Research Article: Developing HME-Based Drug Products Using Emerging Science: a Fast-Track Roadmap from Concept to Clinical Batch

Date Published: June 22, 2020

Publisher: Springer International Publishing

Author(s): Josip Matić, Amrit Paudel, Hannes Bauer, Raymar Andreina Lara Garcia, Kinga Biedrzycka, Johannes G. Khinast.

http://doi.org/10.1208/s12249-020-01713-0

Abstract

This paper presents a rational workflow for developing enabling formulations, such as amorphous solid dispersions, via hot-melt extrusion in less than a year. First, our approach to an integrated product and process development framework is described, including state-of-the-art theoretical concepts, modeling, and experimental characterization described in the literature and developed by us. Next, lab-scale extruder setups are designed (processing conditions and screw design) based on a rational, model-based framework that takes into account the thermal load required, the mixing capabilities, and the thermo-mechanical degradation. The predicted optimal process setup can be validated quickly in the pilot plant. Lastly, a transfer of the process to any GMP-certified manufacturing site can be performed in silico for any extruder based on our validated computational framework. In summary, the proposed workflow massively reduces the risk in product and process development and shortens the drug-to-market time for enabling formulations.

Partial Text

Active pharmaceutical ingredients (APIs) are becoming more potent and selective, resulting in increasingly complex formulations, and drug delivery strategies that are precisely tailored to achieve the required PK profile of a drug. Typical examples include poorly soluble APIs that require solubility enhancement (1–3). Moreover, advanced formulation strategies lead to more complex manufacturing processes, which increases the risk of development failure. In general, bringing a new drug to the market involves multiple time-consuming stages, with a go or no-go decision made at each stage. Since the pressure to bring a new drug to the market is immense, originators shy away from risky formulation designs and prefer simple drug delivery systems (DDSs), such as immediate release tablets. In order to counter this trend, our past work focused on de-risking the development and manufacturing stage of new and advanced DDSs. Examples include the development of small-scale formulation screening tools, i.e., the vacuum compression molding (VCM) tool (4), advanced hot melt extrusion (HME) process models, mechanistic studies of biopharmaceutics, and stability aspects of enabling formulations and more, as described in detail in the sections to follow. Hence, we created a toolbox for rapidly developing hot-melt extruded formulations in tandem with the associated manufacturing process.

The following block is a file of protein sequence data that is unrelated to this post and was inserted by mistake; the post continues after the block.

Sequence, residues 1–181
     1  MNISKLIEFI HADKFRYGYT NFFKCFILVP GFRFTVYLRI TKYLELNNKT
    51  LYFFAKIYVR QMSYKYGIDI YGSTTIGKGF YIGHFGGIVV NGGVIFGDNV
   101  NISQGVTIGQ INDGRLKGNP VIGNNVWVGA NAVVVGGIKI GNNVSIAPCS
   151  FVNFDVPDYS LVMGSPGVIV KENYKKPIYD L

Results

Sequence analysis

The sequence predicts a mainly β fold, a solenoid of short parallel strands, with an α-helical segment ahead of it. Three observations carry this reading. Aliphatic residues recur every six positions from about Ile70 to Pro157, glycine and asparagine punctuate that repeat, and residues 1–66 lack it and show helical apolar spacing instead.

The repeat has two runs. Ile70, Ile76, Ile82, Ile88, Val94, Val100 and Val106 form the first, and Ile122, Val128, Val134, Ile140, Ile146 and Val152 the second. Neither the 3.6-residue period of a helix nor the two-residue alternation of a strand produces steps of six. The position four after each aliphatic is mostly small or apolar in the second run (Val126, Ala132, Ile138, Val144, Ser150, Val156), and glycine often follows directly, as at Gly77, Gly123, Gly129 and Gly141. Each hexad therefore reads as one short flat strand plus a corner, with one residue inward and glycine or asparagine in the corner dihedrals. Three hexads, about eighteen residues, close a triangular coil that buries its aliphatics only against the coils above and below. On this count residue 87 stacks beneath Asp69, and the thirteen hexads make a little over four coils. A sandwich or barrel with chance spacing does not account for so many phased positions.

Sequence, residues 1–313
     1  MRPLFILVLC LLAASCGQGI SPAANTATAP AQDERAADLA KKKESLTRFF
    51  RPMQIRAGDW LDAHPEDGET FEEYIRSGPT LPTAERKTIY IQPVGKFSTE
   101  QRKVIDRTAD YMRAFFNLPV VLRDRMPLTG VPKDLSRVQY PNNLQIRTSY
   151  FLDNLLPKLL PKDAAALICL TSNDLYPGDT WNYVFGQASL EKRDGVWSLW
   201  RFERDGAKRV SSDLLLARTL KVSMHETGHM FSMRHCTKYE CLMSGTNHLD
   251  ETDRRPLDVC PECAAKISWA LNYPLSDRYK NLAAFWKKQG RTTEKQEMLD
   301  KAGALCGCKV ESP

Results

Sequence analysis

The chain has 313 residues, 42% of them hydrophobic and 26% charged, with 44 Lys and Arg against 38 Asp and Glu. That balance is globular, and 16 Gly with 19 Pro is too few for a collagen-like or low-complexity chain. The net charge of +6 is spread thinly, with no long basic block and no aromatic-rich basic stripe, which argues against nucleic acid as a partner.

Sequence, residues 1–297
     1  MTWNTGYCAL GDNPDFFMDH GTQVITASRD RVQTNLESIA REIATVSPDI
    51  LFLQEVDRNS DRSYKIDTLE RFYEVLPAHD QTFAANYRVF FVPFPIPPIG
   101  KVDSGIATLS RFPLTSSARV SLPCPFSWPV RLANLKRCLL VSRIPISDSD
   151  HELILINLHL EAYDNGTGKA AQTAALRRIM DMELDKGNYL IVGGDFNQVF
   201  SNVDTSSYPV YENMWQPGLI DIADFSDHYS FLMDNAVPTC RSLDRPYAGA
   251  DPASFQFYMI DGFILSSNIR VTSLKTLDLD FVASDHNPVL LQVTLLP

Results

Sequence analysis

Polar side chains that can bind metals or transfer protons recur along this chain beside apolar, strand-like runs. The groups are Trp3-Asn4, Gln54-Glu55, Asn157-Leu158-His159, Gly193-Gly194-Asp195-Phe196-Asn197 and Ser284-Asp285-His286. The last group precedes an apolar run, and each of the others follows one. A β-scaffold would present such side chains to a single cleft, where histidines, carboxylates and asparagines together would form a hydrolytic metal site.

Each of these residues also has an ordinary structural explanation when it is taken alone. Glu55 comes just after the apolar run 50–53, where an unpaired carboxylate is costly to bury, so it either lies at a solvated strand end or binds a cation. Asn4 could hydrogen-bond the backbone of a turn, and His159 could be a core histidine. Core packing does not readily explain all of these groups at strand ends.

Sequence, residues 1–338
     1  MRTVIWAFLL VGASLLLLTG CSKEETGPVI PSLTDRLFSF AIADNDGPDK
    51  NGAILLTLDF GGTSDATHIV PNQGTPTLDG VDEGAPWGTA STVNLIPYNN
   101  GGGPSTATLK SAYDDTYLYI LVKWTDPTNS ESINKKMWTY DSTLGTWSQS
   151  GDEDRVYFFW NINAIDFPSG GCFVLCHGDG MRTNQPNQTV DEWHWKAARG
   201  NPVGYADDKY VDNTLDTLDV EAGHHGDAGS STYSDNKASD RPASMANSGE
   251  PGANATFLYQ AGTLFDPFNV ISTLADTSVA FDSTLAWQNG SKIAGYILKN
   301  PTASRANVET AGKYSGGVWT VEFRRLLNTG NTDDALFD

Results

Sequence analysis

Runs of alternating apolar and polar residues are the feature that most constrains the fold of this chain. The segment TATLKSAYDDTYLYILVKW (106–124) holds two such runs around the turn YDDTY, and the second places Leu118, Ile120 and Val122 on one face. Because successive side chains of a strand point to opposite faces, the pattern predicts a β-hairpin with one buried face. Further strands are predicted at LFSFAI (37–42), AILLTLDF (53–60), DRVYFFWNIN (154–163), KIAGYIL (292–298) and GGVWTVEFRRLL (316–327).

According to the ICH, quality by design (QbD) is a systematic approach to the development of pharmaceuticals that is based on sound science and quality risk management, with an emphasis on predefined objectives, product and process understanding, and process control (15,16,19–24). In the language of QbD, predefined objectives are reflected in the definition of the quality target product profile (QTPP) with the goal of achieving the intended therapeutic outcome and in the identification of critical quality attributes (CQAs). The importance of this first step cannot be overstated since all of the following product development efforts aim to satisfy the predefined route of administration, delivery system, dosage form and strength, targeted in vivo drug release, and pharmacokinetic profile as part of the QTPP requirements. Moreover, to ensure the desired product quality measured via the CQAs physical, chemical, biological, and microbiological properties should be within the appropriate limits. Preformulation studies, formulation design, and in vitro characterization focus on matching the final product’s QTPP. However, various process-related technological parameters of API and excipients need to be specifically considered as well.

Our approach to developing an enabling ASD formulation for a poorly soluble drug candidate via HME consists of (A) formulation and processability screening, (B) predictive computational and experimental methodologies for assessing biopharmaceutics and stability, and (C) advanced scale-up methods. This includes state-of-the art practices currently applied in industries in combination with emerging knowledge from academia. It should be emphasized that most of the workflow is equally applicable to the ASD development for manufacturing routes other than HME, such as spray drying (SD), milling, congealing, or supercritical fluid technology (Fig. 3).Fig. 3A systematic approach to potential carrier (polymer, surfactant, and combinations) selection for HME-based amorphous solid dispersions